The Extra 10%: Useful Knowledge For Anyone Who Knows A PWD

The 10 Percent Rule: Diabetes Management

This is for anyone searching for insight, perhaps into someone they know or themselves. Diabetes, on the surface, is simple. Deep down, it’s full of complexity. This isn’t breaking news. The 10% rule has held true, time and time again, through various meanings in my life.

Meaning #1: No matter the day, the hour, or the minute, our mental load consists of an extra 10%.

Given that my experience is limited to my own mind since the age of nine, the exact percentage shouldn’t be trusted completely. Just a guess. I suppose any given person has their worries. For me, minute by minute, I am checking in with my vision, tongue dryness, mouth taste, leg strength, thought patterns, and mood, all in the predictive goal of tracking blood sugar continuously. Why do we do this? Well, because it’s nice to be yourself. Not being yourself happens when your blood sugar moves out of range, resulting in the aforementioned symptoms. Now’s the perfect spot to move into the next meaning.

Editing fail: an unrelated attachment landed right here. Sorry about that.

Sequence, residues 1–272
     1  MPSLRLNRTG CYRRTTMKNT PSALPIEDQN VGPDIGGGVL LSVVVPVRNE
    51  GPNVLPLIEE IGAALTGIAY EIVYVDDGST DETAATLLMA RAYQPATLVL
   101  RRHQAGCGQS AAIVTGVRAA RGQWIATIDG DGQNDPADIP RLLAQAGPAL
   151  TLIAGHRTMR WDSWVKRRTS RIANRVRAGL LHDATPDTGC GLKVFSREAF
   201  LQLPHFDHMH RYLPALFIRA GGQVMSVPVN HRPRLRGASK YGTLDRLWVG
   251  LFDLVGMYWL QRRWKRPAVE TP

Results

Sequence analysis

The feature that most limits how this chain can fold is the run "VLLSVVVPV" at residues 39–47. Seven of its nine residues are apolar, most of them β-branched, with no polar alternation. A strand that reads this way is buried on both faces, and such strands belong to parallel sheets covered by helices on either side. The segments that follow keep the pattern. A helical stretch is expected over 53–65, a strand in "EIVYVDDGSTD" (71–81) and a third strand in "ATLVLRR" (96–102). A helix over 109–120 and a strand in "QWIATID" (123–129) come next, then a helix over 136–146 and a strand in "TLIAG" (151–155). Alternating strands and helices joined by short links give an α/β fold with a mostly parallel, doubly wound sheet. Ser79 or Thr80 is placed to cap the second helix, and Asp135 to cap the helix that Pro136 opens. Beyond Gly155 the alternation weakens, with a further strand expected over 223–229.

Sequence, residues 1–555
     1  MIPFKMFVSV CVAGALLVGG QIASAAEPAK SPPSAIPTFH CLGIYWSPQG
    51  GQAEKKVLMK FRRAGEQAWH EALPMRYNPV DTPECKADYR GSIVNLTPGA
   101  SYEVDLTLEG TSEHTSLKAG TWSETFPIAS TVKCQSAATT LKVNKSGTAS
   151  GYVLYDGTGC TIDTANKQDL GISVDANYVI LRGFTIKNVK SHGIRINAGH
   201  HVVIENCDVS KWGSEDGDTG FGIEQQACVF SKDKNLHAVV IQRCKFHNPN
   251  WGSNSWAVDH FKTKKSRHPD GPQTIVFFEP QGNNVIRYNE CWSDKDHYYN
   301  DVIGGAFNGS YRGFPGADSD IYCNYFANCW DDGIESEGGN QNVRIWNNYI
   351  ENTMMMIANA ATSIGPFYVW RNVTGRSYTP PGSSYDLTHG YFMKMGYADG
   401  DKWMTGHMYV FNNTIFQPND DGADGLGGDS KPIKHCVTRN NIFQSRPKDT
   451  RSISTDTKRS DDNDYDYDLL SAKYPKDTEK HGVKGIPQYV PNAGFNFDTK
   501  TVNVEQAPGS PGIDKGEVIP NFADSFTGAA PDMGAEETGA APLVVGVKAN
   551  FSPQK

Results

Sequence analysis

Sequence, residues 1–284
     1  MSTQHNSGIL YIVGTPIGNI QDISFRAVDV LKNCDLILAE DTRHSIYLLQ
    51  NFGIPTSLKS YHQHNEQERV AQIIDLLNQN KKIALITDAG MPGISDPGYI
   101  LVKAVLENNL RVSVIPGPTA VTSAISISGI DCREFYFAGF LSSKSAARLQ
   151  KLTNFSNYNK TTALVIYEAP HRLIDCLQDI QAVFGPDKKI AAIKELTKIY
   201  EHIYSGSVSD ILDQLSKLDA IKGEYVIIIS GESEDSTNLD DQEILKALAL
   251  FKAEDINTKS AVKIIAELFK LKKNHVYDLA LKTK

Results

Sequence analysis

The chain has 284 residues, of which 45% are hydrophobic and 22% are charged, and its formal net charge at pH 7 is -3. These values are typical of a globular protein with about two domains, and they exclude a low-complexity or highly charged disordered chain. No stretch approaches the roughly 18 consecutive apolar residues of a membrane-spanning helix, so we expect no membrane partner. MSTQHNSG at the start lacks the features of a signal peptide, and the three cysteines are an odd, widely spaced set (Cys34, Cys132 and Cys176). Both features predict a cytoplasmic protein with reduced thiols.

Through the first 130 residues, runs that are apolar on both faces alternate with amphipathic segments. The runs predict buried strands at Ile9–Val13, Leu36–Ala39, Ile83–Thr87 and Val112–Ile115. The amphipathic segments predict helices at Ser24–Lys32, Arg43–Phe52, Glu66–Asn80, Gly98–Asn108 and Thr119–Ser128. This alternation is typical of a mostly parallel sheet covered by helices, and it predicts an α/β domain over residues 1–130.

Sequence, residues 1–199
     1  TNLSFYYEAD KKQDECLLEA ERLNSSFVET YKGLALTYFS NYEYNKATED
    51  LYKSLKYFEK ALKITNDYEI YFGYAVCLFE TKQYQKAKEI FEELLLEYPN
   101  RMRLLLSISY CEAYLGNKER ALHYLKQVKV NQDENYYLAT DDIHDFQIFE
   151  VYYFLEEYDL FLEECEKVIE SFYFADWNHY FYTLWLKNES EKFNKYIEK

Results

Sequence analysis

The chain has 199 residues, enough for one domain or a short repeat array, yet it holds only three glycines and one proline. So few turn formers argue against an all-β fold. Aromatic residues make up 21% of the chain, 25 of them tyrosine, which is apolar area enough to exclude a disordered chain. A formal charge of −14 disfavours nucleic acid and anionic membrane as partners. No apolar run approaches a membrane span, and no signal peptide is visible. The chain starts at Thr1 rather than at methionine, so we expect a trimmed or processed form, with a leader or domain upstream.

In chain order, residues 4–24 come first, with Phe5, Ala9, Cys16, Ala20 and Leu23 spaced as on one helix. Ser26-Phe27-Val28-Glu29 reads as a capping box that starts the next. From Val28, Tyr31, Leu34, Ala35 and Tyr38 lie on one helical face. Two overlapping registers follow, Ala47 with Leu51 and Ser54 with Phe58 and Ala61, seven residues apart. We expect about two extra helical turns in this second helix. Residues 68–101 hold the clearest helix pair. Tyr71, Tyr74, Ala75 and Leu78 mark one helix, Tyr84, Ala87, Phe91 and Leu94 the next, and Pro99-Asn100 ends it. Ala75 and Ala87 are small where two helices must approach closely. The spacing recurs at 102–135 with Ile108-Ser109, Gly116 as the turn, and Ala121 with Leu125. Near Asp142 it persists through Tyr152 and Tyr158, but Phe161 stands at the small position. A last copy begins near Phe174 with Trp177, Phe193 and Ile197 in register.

Meaning #2: 90% of the time, I’m me. 10% of the time, I’m not so much me.

This is where a person without diabetes ponders, “Don’t we all have moments where we’re not ourselves?” Good question. Yes, we all get emotionally trapped. For sure. Those moments, the stress and anxiety of a human life, I’m throwing into the 90% for us. I consider that normal in my life. The other 10% is the part of my life where blood sugar brings about specific changes in being. Low blood sugars change brain chemistry. Take away the brain’s primary fuel, watch out. This is where the negative thoughts enter, in my experience.

Meaning #3: Our fuel tank contains an extra 10%.

When adversity strikes, we’re ready. We’ve got reserves. We’ve been training for this our entire lives. When the going gets tough, we say, “Okay, this isn’t so bad. Let’s do this shit.” I’ll take a person with diabetes in my foxhole anytime.

==Is that weekend adventure calling? Pick up what our team uses when we hit the road, trail, or mountain.==

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